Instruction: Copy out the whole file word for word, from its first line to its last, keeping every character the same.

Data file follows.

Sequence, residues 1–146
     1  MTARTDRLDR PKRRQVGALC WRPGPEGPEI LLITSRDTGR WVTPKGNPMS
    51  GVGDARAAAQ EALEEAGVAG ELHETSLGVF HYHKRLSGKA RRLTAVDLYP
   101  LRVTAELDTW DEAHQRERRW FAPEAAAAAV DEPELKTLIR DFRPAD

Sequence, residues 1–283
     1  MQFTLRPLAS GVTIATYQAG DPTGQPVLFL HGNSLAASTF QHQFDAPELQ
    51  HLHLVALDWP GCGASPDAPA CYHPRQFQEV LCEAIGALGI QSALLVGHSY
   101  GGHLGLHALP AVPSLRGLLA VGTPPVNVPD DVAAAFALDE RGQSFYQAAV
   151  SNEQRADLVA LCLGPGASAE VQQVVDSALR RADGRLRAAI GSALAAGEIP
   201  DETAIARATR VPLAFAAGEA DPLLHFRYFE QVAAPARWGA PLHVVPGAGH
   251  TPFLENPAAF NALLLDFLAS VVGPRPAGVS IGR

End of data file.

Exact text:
Sequence, residues 1–146
     1  MTARTDRLDR PKRRQVGALC WRPGPEGPEI LLITSRDTGR WVTPKGNPMS
    51  GVGDARAAAQ EALEEAGVAG ELHETSLGVF HYHKRLSGKA RRLTAVDLYP
   101  LRVTAELDTW DEAHQRERRW FAPEAAAAAV DEPELKTLIR DFRPAD

Sequence, residues 1–283
     1  MQFTLRPLAS GVTIATYQAG DPTGQPVLFL HGNSLAASTF QHQFDAPELQ
    51  HLHLVALDWP GCGASPDAPA CYHPRQFQEV LCEAIGALGI QSALLVGHSY
   101  GGHLGLHALP AVPSLRGLLA VGTPPVNVPD DVAAAFALDE RGQSFYQAAV
   151  SNEQRADLVA LCLGPGASAE VQQVVDSALR RADGRLRAAI GSALAAGEIP
   201  DETAIARATR VPLAFAAGEA DPLLHFRYFE QVAAPARWGA PLHVVPGAGH
   251  TPFLENPAAF NALLLDFLAS VVGPRPAGVS IGR